This image is of public protests against government corruption related to COVID-19 protective equipment. These critiques emerged prior to the April 2021 public criticism of the government and the IMF who, using the COVID-19 crisis approved new additional loans (ostensibly to help alleviate the economic burden that COVID-19 has had on citizens). Against already blatent government corruption under the cover of COVID-19, the Kenyan public have been asking why additional funding to the government is being given by international lenders. The international financial regime of the World Bank and IMF find themselves in a difficult position. The wide public critique (and use of social media to make a resouncing public online campaign against the loans) of the loan raises questions about the ways that international bodies like the World Bank and IMF support particular government regimes and the mechanisms through which citizens can hold their governments accountable (and sever the support from international bodies).
According to this blog, "To scale down the matter, the IMF ordered Kenya to be accountable for the loan by enforcing wealth declarations for all public servants in the quest to curb corruption and reducing government parastatal expenditures. After securing the IMF loan, Kenya is set to borrow a new Ksh124 billion fourth Eurobond and Ksh82 billion World Bank loans to fund development projects and fight the Covid-19 pandemic. Kenya's debt currently stands at Ksh6.69 billion and poised to rise to 9.37 trillion by mid-2023."
Kenya's official response to Corona Virus has included the provision of prevention protocols (e.g. washing hands and wearing masks). The sign shows the acceptance of such messages in a rural context. The message is in English in a town where the majority speak the local language, and meat transactions are usually conducted in that language. English is used to communicate about COVID-19 in written form. The local language - Gikuyu - is used orally not only for meat transactions but also for discussion about the disease, its spread, prevention, etc.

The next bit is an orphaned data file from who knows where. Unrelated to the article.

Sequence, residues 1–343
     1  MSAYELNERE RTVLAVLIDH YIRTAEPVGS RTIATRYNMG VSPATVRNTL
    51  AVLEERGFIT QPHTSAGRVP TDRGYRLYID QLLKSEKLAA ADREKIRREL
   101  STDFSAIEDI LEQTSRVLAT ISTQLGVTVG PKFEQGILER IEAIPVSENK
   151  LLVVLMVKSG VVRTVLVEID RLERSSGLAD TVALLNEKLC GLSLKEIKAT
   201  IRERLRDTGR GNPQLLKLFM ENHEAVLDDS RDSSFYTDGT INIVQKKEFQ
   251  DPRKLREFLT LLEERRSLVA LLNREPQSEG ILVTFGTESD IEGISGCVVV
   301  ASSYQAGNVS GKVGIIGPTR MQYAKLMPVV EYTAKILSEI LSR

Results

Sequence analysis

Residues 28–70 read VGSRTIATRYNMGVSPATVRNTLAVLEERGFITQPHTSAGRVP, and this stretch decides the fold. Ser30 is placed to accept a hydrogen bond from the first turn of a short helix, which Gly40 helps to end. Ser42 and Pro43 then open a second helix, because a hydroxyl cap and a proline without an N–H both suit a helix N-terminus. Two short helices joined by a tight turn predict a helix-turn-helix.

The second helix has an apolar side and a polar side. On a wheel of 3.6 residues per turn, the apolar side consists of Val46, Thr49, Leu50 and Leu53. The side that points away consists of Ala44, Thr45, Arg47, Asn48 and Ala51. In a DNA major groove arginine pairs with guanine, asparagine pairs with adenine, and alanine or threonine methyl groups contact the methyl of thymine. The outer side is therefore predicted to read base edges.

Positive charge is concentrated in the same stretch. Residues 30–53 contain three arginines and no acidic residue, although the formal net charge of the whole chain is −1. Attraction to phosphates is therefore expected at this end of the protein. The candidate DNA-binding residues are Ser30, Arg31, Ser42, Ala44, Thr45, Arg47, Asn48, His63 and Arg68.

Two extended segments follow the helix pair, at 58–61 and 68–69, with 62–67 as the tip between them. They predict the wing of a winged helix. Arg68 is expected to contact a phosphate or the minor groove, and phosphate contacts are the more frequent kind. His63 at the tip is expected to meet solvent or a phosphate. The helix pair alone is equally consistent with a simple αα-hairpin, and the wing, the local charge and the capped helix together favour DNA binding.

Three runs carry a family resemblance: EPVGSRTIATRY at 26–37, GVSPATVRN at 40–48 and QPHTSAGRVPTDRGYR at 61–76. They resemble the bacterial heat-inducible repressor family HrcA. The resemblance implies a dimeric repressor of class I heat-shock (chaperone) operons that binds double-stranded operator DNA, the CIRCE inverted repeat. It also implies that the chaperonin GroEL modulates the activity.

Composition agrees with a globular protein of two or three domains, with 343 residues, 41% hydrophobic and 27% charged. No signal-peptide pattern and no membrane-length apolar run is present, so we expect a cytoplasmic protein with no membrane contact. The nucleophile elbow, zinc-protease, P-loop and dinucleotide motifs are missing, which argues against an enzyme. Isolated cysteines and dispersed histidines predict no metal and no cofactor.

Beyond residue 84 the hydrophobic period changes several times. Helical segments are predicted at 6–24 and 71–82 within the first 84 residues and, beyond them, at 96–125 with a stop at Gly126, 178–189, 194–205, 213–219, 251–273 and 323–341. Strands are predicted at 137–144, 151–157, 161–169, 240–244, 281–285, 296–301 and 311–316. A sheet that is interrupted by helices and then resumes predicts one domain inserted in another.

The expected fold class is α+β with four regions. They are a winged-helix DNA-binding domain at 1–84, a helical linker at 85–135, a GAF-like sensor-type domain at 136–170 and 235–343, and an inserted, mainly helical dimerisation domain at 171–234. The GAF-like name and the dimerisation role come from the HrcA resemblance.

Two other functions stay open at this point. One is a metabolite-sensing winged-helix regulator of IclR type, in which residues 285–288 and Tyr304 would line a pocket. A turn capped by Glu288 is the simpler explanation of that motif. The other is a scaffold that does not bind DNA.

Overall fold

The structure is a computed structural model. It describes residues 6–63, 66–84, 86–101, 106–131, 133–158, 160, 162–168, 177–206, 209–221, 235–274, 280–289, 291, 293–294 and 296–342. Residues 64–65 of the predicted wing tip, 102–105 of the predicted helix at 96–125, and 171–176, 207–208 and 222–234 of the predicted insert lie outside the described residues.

Kenya's official response to Corona Virus has included the provision of prevention protocols (e.g. washing hands and wearing masks). The lower sign shows the acceptance of such messages in a rural context while the top sign shows a counter response to Corona Virus, namely the stigmatisation of those infected. There has been talk of how similar the reactions and responses to Corona Virus are to the emergence of HIV/AIDS in the late 1980s. Those with HiV/AIDS were often treated with suspicion or outright discrimination, including being denied service in areas such as restaurants, markets, etc.
AO: This article describes how the Kenyan government implemented (overly?) aggressive tactics to crackdown on the spread of Coronavirus including mandatory quarantine period and required fees to be released from quarantine. The article also notes how in the first 10 days of the curfew, Kenyan police officers killed at least six people while trying to enforce the lockdown (according to Human Rights Watch). In response, human rights groups like Kenya Legal and Ethical Issues Network, a nongovernmental organization, and nonprofit Katiba Institute along with seven people who say they were held in quarantine have filed a lawsuit against the government for violating the human rights of those held in mandatory quarantine. There have also been public protests and Kenya Human Rights Commission appears to be tracking the issues although the article didn't mention specific actions they have taken.
AO: Mike Sonko responded to the COVID-19 crisis in Kenya by distributing care packages to hospitals and the controversial aspect was that he included alcohol in the packages.
AO: In addition to this infographic by IDEO (who is the target audience for this infographic?), I have also observed several corporate research companies figuring out how to spin their ongoing and previous research projects to speak to COVID-19 issues. An internal discussion I observed was that the company wanted to package their previous work to show how it was relevant to COVID-19 but others in the organization didn't want to seem like they were tooting their own horn too much/pushing their own branding. So an interesting catch-22 is that you want to seem like your organization is on the forefront but also not wanting to appear to only be pushing your own branding. You want to ensure your work speaks to timely issues but also not seeming like you are riding on unfortunate events in the world.